Today's post is on Germany: Memories of a Nation by Neil MacGregor. It is 606 pages long and is published by Alfred A. Knopf. The cover is white with the German flag on it. There is no language, no sex, and no violence in this book. The intended reader is someone who is interested in history. There Be Spoilers Ahead.
From the dust jacket- For the past 140 years, Germany has been the central power in continental europe. Twenty-five years ago a new German state came into being. How much do we really understand this new Germany, and how do its people understand themselves?
Neil MacGregor argues that, uniquely for any European country, no coherent, overarching narrative of Germany's history can be constructed, for in Germany both geography and history have always been unstable. Its frontiers have constantly shifted. Königsberg, home to the greatest German philosopher, Immanuel Kant, is now Kaliningrad, Russia; Strasbourg, in whose cathedral Wolfgang von Geothe, Germany's greatest writer, discovered the distinctiveness of his country's art and history, now lies within the borders of France. For most of the five hundred years covered by this book Germany has been composed of many separate political units, each with a distinct history. And any comfortable national story Germans might have told themselves before 1914 was destroyed by the events of the following thirty years.
German history may be inherently fragmented, but it contains a large number of widely shared memories, awarenesses, and experiences; examining some of these is the purpose of this book. MacGregor chooses objects and ideas, people and places that still resonate in the new Germany—porcelain from Dresden and rubble from its ruins, Bauhaus design and the German sausage, the crown of Charlemagne and the gates of Buchenwald—to show us something of its collective imagination. There has never been a book about Germany quite like it.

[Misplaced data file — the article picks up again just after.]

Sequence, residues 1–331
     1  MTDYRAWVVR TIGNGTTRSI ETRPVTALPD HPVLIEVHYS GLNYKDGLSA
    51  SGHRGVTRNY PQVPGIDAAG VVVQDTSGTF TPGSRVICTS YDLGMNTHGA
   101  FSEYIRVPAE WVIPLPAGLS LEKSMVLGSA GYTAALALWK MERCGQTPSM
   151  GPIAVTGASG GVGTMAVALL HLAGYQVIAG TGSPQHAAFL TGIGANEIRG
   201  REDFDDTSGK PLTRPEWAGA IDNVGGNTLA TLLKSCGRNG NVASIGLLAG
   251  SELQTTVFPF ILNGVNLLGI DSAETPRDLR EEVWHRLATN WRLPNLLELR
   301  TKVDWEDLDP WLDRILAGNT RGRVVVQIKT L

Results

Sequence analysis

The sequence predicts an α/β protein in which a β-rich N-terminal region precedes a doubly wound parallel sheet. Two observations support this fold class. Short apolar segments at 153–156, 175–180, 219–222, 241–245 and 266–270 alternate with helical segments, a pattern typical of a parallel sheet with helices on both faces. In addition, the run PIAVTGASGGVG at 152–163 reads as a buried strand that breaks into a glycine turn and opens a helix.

Review- Another wonderful book from MacGregor. He goes from Germany's beginnings as many small princedoms to one great nation today. Like all MacGregor's other books he traces the history in objects from paintings to statues and many flags. He looks at the history of such diverse people, as Germany has, with great care and compassion. He does not excuse any actions but he helps the reader to remember that the people of Germany are human too. He discusses what made Germany from Luther making one German language to the women who rebuilt it after the Second World War. MacGregor's prose, as always, is easy to read and the reader gets pulled into the narrative of a nation.
I give this book a Five out of Five stars. I get nothing for my review and I borrowed this book from my local library.